Cost-Effectiveness Analysis of Treatments to Reduce Cholesterol Levels, Blood Pressure and Smoking for the Prevention of Coronary Heart Disease
- First Online:
- Cite this article as:
- Plans-Rubió, P. Pharmacoeconomics (1998) 13: 623. doi:10.2165/00019053-199813050-00014
This study assessed the cost effectiveness of treatments for the primary prevention of coronary heart disease in Spain, which included smoking cessation and reductions in blood cholesterol levels and BP. Cost-effectiveness ratios (measured in terms of $US per life-year gained) ranged from $US2608 to $US8058 per life-year gained for therapies aimed at smoking cessation, from $US7061 to $US126 990 per life-year gained for antihypertensive drug treatment, from $US15 487 to $US1689 022 per life-year gained for the drug treatment of hypercholesterolaemia and from $US12 792 to $US149 246 per life-year gained for cholesterol-lowering diets. In individuals with blood cholesterol levels of 7.7 mmol/L, cost-effectiveness ratios of drug treatment ranged from $US33 850 to $US302 088. Cost-effectiveness ratios were lower in men than in women for all programmes evaluated.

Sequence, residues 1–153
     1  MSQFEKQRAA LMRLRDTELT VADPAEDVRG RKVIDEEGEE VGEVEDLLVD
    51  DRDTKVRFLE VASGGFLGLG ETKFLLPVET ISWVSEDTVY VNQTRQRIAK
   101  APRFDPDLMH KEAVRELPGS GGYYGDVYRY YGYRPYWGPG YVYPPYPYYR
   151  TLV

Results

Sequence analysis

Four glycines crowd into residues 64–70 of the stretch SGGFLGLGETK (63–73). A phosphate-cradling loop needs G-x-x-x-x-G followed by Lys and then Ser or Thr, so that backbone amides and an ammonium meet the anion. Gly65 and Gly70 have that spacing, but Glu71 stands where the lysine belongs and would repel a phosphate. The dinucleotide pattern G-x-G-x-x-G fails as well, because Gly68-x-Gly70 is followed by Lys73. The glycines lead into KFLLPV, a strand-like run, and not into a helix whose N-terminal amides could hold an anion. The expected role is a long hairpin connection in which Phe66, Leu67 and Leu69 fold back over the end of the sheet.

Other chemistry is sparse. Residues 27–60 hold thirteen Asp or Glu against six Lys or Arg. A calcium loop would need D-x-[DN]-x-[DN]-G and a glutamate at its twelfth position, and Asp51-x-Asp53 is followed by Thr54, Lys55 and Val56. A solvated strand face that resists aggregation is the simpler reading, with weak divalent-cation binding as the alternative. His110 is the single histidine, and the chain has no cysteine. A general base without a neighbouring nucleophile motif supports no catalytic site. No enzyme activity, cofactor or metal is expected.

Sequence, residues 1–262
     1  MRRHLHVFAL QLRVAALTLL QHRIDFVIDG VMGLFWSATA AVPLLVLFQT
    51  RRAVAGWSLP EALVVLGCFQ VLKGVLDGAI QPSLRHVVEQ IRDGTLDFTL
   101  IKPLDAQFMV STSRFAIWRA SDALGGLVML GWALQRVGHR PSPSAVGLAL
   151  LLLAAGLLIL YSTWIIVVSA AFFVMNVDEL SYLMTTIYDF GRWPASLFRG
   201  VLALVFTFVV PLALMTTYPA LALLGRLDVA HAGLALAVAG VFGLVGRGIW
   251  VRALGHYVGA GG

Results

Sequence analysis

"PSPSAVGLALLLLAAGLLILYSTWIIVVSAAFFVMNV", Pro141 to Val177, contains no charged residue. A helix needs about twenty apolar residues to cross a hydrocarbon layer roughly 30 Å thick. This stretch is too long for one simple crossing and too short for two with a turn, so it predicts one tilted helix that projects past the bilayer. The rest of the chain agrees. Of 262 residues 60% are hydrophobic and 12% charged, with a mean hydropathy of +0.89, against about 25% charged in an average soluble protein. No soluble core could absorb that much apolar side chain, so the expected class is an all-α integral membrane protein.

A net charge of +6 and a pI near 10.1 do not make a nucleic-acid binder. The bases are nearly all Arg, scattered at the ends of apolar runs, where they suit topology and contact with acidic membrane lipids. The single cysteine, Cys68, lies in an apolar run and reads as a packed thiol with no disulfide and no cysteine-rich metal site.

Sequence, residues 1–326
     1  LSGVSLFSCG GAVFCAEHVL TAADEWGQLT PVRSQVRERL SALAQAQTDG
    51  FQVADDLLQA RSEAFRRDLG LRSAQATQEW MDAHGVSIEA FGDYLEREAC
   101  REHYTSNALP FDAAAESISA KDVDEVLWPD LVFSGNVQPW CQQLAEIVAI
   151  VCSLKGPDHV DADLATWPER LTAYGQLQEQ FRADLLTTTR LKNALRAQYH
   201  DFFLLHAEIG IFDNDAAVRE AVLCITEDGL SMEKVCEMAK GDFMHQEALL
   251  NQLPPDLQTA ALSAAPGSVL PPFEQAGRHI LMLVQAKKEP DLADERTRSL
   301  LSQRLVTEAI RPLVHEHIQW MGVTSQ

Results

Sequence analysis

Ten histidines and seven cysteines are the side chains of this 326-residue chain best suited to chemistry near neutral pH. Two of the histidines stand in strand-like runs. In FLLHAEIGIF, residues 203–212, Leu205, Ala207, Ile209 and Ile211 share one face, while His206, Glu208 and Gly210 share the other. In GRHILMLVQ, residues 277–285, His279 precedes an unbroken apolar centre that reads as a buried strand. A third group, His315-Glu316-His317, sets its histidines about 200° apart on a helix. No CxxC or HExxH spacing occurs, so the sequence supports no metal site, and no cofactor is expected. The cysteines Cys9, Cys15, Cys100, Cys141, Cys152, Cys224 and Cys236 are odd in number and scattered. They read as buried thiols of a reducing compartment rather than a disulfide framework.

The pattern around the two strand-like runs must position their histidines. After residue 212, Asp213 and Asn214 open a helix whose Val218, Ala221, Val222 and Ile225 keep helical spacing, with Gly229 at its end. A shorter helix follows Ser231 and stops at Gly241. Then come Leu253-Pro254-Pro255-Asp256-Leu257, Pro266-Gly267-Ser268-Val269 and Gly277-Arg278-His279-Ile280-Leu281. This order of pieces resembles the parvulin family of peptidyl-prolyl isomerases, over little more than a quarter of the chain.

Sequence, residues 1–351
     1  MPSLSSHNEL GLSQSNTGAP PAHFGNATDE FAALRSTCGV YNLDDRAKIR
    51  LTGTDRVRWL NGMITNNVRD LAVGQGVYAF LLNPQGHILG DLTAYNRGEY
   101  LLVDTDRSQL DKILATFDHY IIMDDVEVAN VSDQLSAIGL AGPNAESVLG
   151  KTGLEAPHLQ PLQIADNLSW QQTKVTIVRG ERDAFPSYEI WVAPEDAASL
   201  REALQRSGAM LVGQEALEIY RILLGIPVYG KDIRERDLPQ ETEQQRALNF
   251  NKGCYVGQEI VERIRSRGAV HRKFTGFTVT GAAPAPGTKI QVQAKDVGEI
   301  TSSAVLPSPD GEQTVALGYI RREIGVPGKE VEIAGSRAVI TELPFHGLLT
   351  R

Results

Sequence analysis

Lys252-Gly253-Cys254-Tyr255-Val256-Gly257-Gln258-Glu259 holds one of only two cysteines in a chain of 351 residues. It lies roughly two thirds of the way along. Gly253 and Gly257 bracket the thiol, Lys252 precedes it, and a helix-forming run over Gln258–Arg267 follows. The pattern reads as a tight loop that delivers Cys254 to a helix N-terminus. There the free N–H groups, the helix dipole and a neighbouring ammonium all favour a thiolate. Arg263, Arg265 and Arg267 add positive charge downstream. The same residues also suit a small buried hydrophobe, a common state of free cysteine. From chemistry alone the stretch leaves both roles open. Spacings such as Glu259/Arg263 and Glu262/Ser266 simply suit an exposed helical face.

Cost-effectiveness analysis of cholesterol-lowering drugs indicated that lovastatin (HMG-CoA reductase inhibitor) was more cost effective than cholestyramine (bile acid sequestrant) and gemfibrozil (fibrate). Hydrochlorothiazide, propranolol and nifedipine were more cost effective antihypertensive treatments than prazosin and captopril. Cost-effectiveness ratios obtained in this study could be used to develop disease management strategies to facilitate the efficient use of healthcare resources and to reduce costs. When resources for coronary heart disease are limited, available treatments should be selected on the basis of their average and incremental cost-effectiveness ratios.
Unable to display preview. Download preview PDF.